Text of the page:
Knight, Montgomery Wenzinger, Carl J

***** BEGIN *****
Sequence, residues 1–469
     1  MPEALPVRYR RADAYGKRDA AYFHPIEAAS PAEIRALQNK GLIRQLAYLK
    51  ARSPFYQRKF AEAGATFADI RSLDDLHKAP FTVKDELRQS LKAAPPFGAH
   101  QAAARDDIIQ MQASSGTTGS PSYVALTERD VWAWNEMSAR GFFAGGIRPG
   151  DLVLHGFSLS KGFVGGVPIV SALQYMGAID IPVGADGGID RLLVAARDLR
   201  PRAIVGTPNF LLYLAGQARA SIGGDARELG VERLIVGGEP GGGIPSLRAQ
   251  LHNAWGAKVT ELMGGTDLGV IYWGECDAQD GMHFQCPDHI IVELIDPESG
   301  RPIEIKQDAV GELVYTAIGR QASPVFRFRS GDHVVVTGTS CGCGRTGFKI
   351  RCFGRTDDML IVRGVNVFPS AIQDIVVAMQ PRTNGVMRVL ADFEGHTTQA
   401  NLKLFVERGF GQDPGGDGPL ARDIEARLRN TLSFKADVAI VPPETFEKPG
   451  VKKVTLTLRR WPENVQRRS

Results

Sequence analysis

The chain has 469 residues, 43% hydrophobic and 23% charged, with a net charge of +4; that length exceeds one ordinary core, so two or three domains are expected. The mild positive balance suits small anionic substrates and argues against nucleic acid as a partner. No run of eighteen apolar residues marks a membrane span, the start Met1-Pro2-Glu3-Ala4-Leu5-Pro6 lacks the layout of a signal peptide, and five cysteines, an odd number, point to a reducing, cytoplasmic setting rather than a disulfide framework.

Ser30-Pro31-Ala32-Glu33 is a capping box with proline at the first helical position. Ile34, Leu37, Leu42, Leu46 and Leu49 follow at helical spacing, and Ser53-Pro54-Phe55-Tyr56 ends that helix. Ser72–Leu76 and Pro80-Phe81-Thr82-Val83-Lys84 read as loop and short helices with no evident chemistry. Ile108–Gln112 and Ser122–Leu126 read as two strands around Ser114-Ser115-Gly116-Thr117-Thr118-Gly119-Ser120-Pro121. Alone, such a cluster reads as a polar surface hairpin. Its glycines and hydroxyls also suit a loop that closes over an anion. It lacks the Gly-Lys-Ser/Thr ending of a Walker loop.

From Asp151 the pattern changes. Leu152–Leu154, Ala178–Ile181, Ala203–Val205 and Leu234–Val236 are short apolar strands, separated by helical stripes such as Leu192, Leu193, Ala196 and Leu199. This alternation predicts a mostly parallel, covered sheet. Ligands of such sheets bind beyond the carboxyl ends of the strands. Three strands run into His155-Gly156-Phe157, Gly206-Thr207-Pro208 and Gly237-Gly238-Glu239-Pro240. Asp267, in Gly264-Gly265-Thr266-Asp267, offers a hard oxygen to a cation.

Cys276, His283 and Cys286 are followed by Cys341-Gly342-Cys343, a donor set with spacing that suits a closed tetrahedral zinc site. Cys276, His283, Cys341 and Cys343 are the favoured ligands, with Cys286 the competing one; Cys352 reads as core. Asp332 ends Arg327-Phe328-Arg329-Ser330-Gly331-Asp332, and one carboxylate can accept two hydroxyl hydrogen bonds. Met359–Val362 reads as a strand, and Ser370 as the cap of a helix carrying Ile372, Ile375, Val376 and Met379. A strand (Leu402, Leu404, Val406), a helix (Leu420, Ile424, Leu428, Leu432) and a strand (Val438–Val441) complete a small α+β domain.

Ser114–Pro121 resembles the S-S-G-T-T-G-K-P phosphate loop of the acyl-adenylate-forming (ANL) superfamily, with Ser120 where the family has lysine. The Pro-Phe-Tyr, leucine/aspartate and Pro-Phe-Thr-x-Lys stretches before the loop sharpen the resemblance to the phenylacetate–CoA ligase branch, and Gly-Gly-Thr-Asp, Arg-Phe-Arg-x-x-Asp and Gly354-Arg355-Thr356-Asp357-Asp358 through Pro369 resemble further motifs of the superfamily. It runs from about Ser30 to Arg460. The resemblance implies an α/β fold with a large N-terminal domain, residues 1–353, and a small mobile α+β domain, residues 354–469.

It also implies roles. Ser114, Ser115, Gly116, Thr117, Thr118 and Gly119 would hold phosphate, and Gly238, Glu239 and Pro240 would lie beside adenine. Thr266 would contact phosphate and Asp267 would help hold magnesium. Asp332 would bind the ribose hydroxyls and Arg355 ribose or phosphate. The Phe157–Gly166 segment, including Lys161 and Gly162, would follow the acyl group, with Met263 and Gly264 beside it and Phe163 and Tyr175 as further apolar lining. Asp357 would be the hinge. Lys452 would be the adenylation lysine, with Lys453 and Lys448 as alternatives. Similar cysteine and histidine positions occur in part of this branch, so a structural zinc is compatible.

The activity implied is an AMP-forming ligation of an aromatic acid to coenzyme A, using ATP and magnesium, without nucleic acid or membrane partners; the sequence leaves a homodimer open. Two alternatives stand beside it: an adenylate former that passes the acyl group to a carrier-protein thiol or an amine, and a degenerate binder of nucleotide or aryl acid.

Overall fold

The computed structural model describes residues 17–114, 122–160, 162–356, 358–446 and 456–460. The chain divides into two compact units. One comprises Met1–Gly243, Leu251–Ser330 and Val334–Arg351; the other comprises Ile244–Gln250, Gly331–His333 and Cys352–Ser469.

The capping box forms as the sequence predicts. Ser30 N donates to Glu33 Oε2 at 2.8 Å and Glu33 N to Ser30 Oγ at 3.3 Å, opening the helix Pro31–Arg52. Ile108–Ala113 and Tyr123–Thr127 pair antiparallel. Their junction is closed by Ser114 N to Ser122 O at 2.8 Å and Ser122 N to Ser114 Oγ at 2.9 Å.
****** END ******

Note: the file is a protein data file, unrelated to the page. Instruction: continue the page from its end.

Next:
This report presents the results of a series of autorotation and torque tests on four different rotating wing systems at various rates of roll and at several angles of yaw. The investigation covered an angle of attack range up to 90 degrees and angles of yaw of 0 degree, 5 degrees, 10 degrees, and 20 degrees. The tests were made in a 5-foot, closed-throat atmospheric wind tunnel. The object of the tests was primarily to determine the effects of various angles of yaw on the rolling moments of the rotating wings up to large angles of attack. It was found that at angles of attack above that of maximum lift the rolling moments on the wings due to yaw (or side slip) from 5 degrees to 20 degrees were roughly of the same magnitude as those due to rolling. There was a wide variation in magnitude of the rolling moment due to yaw angle. The rates and ranges of stable autorotation for the monoplane models were considerably increased by yaw, whereas for an unstaggered biplane they were little affected. The immediate cause of the rolling moment due to yaw is apparently the building up of large loads on the forward wing tip and the reduction of loads on the rearward wing tip.
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